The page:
Vogler, Sabine; Bauer, Eveli; Habimana, Katharina (2022): Centralised Pharmaceutical Procurement: Learnings from Six European Countries. Applied Health Economics and Health Policy, 20. pp. 637-650.

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Several European countries have introduced centralised procurement for all or some medicines. This article comparatively describes key features of national centralised pharmaceutical procurement (CPP) systems of six European countries (Cyprus, Denmark, Estonia, Italy, Norway and Portugal). Additionally, it aims to identify benefits, challenges and prerequisites for successful CPP, with a view to offering learnings for other countries. Information was collected based on literature and interviews with national procurement experts. While all countries studied established a designated procurement entity, other institutional and organisational features of the CPP systems vary across the countries. All CPP systems apply a mix of procurement procedures depending on the type of medicine (mainly tendering and negotiations). Reported benefits of CPP include lower purchase prices, stronger bargaining power of the public purchasers, enhanced transparency and governance, improved equity, and eventually improved access to medicines. Challenges that are to be met particularly in the starting phase are opposition of some users and the management of stakeholders with different expectations. Issues such as limited competition and non-availability of medicines may continue in the CPP setting. Compliance with good procurement principles is indispensable for any procurement, including CPP. Further prerequisites for successful CPP include a consistent, comprehensive and regularly updated procurement strategy, sufficient funding and appropriate staffing of the procurement entity, efficient processes including contract management and logistics, data collection and monitoring as well as interaction with users and suppliers.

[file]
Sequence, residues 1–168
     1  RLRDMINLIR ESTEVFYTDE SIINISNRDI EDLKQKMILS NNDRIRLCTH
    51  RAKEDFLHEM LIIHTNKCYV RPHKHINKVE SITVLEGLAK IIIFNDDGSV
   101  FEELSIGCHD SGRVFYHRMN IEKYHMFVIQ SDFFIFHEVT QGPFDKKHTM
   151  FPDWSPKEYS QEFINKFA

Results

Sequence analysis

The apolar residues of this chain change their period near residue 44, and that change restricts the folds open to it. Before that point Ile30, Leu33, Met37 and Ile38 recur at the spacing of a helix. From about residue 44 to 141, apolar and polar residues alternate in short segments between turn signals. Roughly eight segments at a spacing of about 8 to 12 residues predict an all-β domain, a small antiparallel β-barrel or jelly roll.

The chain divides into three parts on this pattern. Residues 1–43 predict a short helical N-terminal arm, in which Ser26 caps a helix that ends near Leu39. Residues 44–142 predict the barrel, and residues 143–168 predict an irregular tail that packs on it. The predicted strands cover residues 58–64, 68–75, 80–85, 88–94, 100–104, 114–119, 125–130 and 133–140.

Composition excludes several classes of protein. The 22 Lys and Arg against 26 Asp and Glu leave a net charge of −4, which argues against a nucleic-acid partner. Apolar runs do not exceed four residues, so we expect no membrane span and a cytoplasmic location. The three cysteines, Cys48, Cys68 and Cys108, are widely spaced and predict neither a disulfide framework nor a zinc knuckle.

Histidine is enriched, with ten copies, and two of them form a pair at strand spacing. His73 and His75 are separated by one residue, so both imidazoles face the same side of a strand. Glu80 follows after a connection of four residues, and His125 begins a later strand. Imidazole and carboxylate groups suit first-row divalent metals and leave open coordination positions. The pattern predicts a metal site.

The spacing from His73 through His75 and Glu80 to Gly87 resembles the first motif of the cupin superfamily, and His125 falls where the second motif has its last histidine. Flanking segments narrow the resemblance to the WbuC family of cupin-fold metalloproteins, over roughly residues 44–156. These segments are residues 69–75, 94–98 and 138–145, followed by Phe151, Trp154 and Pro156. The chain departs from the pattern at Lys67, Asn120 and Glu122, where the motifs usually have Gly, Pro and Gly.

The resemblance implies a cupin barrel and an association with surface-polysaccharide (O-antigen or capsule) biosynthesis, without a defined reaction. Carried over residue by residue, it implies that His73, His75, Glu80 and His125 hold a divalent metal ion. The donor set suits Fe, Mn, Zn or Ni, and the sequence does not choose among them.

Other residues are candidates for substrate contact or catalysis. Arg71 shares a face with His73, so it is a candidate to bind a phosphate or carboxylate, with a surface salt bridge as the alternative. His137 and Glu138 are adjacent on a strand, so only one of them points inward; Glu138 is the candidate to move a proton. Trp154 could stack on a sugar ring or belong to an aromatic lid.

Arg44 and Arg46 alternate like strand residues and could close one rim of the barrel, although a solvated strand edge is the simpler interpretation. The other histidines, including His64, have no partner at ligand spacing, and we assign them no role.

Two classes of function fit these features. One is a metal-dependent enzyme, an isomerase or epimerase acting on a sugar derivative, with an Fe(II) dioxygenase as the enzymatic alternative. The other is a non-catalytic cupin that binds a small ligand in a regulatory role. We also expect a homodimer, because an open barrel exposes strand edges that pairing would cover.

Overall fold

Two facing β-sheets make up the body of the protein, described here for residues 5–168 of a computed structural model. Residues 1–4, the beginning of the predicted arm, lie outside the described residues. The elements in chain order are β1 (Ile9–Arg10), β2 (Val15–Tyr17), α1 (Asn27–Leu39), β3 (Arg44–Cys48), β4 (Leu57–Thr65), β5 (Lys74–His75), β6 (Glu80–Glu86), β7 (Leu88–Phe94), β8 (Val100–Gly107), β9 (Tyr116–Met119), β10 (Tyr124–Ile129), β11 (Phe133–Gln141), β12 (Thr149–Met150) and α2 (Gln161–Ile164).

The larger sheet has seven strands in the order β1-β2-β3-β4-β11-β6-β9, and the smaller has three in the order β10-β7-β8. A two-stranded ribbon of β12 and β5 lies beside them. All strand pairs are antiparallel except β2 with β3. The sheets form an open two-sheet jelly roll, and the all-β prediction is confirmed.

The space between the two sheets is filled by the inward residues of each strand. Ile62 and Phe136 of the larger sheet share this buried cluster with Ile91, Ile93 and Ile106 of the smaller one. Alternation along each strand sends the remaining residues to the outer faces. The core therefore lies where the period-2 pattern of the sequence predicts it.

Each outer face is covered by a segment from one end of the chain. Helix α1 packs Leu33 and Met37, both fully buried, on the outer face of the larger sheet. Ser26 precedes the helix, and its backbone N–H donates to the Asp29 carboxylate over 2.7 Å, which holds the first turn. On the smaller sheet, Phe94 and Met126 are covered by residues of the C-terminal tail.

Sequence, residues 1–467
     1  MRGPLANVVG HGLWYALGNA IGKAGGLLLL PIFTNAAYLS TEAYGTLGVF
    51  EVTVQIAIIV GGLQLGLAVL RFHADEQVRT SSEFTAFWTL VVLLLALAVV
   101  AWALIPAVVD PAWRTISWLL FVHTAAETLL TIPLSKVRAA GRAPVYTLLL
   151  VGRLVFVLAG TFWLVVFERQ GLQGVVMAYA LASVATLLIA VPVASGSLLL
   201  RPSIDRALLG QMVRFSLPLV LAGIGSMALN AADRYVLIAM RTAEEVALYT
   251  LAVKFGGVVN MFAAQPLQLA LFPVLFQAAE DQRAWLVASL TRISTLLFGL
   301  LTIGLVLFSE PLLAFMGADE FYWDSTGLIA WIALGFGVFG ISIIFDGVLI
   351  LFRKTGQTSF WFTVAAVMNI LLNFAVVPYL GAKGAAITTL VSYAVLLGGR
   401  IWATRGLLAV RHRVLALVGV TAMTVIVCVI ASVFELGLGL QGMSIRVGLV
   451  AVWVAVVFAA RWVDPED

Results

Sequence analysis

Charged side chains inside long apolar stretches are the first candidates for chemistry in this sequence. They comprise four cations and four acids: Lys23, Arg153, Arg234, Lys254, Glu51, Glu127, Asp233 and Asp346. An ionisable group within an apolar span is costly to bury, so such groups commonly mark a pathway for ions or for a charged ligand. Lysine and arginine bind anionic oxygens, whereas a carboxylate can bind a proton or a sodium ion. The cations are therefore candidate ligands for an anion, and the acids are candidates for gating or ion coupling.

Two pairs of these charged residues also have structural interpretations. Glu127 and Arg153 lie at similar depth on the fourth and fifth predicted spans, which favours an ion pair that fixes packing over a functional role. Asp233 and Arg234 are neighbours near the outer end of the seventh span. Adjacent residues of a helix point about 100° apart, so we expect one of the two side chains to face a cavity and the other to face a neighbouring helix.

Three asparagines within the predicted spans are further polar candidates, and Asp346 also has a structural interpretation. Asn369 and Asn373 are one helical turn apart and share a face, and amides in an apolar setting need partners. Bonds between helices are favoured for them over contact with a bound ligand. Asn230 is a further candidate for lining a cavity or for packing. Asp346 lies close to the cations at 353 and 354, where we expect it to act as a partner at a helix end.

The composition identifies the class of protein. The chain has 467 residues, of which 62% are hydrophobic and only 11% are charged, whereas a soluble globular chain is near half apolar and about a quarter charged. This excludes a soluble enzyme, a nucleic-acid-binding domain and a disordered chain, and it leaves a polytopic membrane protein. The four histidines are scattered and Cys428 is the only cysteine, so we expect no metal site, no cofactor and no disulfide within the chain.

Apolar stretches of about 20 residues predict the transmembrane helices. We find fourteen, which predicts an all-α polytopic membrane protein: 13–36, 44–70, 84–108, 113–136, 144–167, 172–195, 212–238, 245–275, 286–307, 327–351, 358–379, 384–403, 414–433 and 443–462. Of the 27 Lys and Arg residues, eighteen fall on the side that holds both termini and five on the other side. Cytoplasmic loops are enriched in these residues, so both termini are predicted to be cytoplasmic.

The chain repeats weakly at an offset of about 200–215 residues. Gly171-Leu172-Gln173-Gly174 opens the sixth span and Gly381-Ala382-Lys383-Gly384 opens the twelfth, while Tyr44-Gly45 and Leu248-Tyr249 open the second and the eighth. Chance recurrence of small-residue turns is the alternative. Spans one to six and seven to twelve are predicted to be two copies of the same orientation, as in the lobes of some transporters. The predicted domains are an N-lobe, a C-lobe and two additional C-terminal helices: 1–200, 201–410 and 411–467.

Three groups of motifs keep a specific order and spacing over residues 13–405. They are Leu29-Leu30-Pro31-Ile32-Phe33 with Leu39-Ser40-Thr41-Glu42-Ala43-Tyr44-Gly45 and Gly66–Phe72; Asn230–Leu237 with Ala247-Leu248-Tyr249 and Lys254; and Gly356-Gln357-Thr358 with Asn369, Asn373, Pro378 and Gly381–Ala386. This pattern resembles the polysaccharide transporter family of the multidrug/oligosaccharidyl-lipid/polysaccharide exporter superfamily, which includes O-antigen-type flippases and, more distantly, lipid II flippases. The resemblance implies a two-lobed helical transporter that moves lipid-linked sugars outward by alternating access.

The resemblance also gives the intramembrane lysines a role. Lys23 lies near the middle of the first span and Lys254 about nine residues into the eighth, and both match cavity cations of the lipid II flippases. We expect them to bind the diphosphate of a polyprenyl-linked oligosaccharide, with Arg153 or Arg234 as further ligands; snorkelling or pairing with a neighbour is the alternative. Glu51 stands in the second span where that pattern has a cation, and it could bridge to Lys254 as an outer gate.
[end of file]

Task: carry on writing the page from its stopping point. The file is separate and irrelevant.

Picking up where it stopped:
Item Type: Article
Subjects: OEBIG > Pharmaoekonomie
Date Deposited: 28 Sep 2022 15:20
Last Modified: 28 Sep 2022 15:20
URI: https://jasmin.goeg.at/id/eprint/2320